Packers’ Ahmad Thomas connects with birth parents after surviving long odds

Yahoo Sports

Ahmad Thomas spent the latter part of last season on the Green Bay Packers‘ practice squad. The inside linebacker has been getting first-team reps with the defense in training camp in recent days, after Jake Long was lost for the season to a torn ACL, and coach Mike McCarthy has praised his coverage ability.

Making a 53-man roster for the first time — Thomas was undrafted out of Oklahoma in 2017, originally signed by the Oakland Raiders but cut just a few days later — and getting into the rotation would be a big deal for Thomas, and the capper to what has already been a big year.

Calvin Darnell wasn’t supposed to live past age 10

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In a story by the Green Bay Press-Gazette’s Ryan Wood, we learn Thomas was given a different name when he was born in Florida in 1994: Calvin Darnell. His birth mother, Michelle Hooshing, was just 13 years old and living in foster care when she had him and reluctantly gave him up for adoption when he was a month old.

Green Bay Packers linebacker Ahmad Thomas is hoping to add a roster spot to an already-memorable year. (AP)
Green Bay Packers linebacker Ahmad Thomas is hoping to add a roster spot to an already-memorable year. (AP)

She was told that the baby had a heart murmur and doctors didn’t expect him to live past age 10.

Throughout the years, Hooshing’s searches for Calvin Darnell turned up empty. That’s because when Marvice Thomas adopted the baby Hooshing had to give up, she gave him a new last name, her name.

So when a young man named Ahmad Thomas was contacting Hooshing, claiming to be the son she expected had died from heart issues, she was surprised and confused.

“She thought it was some cruel joke or something,” Thomas said. “But when I told her what my name used to be, she knew it was me.”

After the first email to his birth mother and a phone call that followed, Hooshing found Thomas’ father, Michael Samuel, through a website. Samuel was also 13 when Thomas was born, and told Hooshing he’d long been searching for both her and their son, giving up hope after so many searches weren’t successful.

Thomas invited both Hooshing and Samuel to visit him in Green Bay.

‘Still surreal’

Thomas, his wife, Skyler, and their children welcomed Hooshing and Samuel to their home for three days in February.

“It was like we really didn’t miss a beat,” Thomas said of the visit. “The comfortability was already there, and it was surreal. Still surreal to me. I knew who I was, because my family shaped that. But I didn’t know what I was.”

Skyler Thomas encouraged her husband to look for his birth parents, though for several years he showed little interest. He would tell her that he had a family.

But over time, he changed his mind. At first, he said he needed to know his birth parents to learn his medical history for his children, Skylynn and Ahmad II.

Skyler pushed more.

“I just felt like there was a piece of him that was kind of missing,” she said. “With self-identity, I could tell he needed that as a part of his life so much. I don’t know if he was scared or not really interested, but I knew he needed that, whether he knew [he needed it] at the time or not.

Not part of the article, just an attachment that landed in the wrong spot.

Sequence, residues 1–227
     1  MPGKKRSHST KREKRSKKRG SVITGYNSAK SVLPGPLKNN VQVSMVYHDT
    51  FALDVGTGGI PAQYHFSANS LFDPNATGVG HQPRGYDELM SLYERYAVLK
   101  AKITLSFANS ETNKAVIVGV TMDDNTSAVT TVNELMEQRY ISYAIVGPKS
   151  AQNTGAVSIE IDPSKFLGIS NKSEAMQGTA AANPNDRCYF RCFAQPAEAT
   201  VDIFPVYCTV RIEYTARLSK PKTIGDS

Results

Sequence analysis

“I think he’s really appreciated that I pushed him in that direction because I don’t think he would’ve gotten to this point without me kind of nudging him along. And I know his mom and his dad are just over the moon excited that they found him.”

During Hooshing and Samuel’s visit, they stayed up into the wee hours talking with the Thomases. Thomas learned that Samuel is a DJ, which is likely where he gets his love of music.

Amazingly, Hooshing and Samuel didn’t just reconnect with their son; they reconnected with each other, and were married in April.

Secret led to trust issues

Though other people in her son’s life knew the truth, Marvice Thomas didn’t tell her son that he was adopted until he was 16.

Maybe it was basic intuition, Thomas said, but he suspected he was adopted before Marvice told him. His football coaches and others knew, and all wondered when was the best time to tell the truth.

“I know they were doing it out of good intentions, but it made it hard for me to trust people,” Thomas said.

His Miami neighborhood didn’t help. Thomas said he saw two people killed in a span of three years.

But he used football as a way to avoid the drugs and violence he saw around him.

“I did channel a lot of anger through football, but I’ve learned how to get past that and just have fun. Because when you play angry, you tend to not be focused,” he said. “In high school, I was going through a lot of things. I was mad, just trying to hit somebody. When I got to college, I had to actually learn a lot more things (about the game). I had to learn how to be more calm coming downhill instead of just trying to crash down and hit people. So I just learned to be more balanced.”

Thomas is glad he sent that first email to Hooshing, and he’s in frequent contact with his birth parents.

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